A genocide is he systematic extermination of a social group, motivated by race issues, religion, ethnicity, politics or nationality. It is a mass murder that seeks the elimination of the group and that, even, it can include measures to avoid the births.

Hence, the aforementioned genocide is considered the most serious and extensive act of what is called ethnic cleansing. In other words, trying to achieve that in a country or in a specific territory it is possible to end the presence of people who are considered “inferior” for reasons of race or religion, among other characteristics.

The studies carried out so far, and especially by figures such as the historian Michael Mann, have led to the knowledge of absolutely tragic figures. Thus, it is estimated that throughout history, genocides carried out in different corners of the world have resulted in the death of more than 60 million people.

GenocideGenocide is usually carried out by a government in charge of the power of State. It is considered as a international crime that can be judged by the competent bodies in the matter.

Historians claim that Raphael lemkin was in charge of developing the concept of genocide, by uniting the Greek root genos (“family”, “tribe”) and the Latin word cide (from cidere, “kill”). Lemkin he was in charge of proposing that international norms condemn and punish the genocidal.

The definition of genocide, however, is not exact. Jurists affirm that genocide differs from that linked to a war, where the objective is to disarm the enemy and not to exterminate him. Moreover, genocide is not the same as serial murder, since it denies the right of existence of a human group (serial murder, on the other hand, is a periodic murder of isolated people).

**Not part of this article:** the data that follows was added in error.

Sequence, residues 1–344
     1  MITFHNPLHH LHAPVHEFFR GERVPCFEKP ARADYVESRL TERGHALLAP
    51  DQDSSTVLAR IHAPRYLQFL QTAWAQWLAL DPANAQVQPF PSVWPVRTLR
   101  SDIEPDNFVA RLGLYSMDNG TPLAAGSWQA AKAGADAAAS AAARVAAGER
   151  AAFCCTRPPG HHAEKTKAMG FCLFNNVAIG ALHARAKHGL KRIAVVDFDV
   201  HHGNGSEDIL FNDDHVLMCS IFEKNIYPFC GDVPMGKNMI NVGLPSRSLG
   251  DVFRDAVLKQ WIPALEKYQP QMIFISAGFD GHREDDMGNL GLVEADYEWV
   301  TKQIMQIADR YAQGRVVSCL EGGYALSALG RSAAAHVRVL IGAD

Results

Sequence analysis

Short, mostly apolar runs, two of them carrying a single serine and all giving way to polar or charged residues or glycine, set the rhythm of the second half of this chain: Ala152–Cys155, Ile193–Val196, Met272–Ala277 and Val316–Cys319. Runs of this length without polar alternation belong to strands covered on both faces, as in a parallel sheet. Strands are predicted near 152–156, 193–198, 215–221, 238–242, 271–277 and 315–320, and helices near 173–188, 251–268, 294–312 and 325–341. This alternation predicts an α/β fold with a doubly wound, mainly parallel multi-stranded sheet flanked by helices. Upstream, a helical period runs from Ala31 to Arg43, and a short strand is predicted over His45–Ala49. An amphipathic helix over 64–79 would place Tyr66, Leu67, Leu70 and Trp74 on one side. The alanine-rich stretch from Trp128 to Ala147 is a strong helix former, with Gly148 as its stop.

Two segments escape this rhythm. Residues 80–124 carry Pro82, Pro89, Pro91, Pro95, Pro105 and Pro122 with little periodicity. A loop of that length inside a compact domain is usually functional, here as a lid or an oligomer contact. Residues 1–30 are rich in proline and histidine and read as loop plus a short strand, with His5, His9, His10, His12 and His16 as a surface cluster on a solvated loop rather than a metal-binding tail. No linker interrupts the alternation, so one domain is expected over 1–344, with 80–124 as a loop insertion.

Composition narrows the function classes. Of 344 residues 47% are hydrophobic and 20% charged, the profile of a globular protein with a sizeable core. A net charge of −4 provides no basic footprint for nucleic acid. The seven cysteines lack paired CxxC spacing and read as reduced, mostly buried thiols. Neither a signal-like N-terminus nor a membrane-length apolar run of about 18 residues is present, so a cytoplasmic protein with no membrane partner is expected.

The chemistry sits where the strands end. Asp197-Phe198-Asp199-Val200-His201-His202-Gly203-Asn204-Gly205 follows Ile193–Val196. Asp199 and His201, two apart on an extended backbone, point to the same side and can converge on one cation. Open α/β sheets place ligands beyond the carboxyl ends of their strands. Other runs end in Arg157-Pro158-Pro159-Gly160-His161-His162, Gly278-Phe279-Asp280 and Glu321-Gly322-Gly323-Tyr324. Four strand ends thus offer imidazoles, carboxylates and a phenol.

In the case of Spain, the genocide cases that have been brought to court refer to the deaths caused both during the Civil War and in the subsequent period, in the postwar period, during which the country was in the hands of the dictator Francisco Frank.

However, we cannot ignore the fact that throughout history there have been cases of genocide that have demonstrated the cruelty of the human being. One of the most famous and largest was the one that took place in Rwanda in the 1990s.

Specifically in this African corner, what took place is the attempt to end the Tutsi population by those who were in power at that time, the members of the Hutu government.

The Armenian genocide (19151917), with the death of a million and a half people, and the Holocaust executed by Nazism (with about six million dead) are historical examples of genocide. It should be noted that, in both cases, there are historians and political groups that try to minimize or even deny the scope of the massacre, despite numerous historical evidence.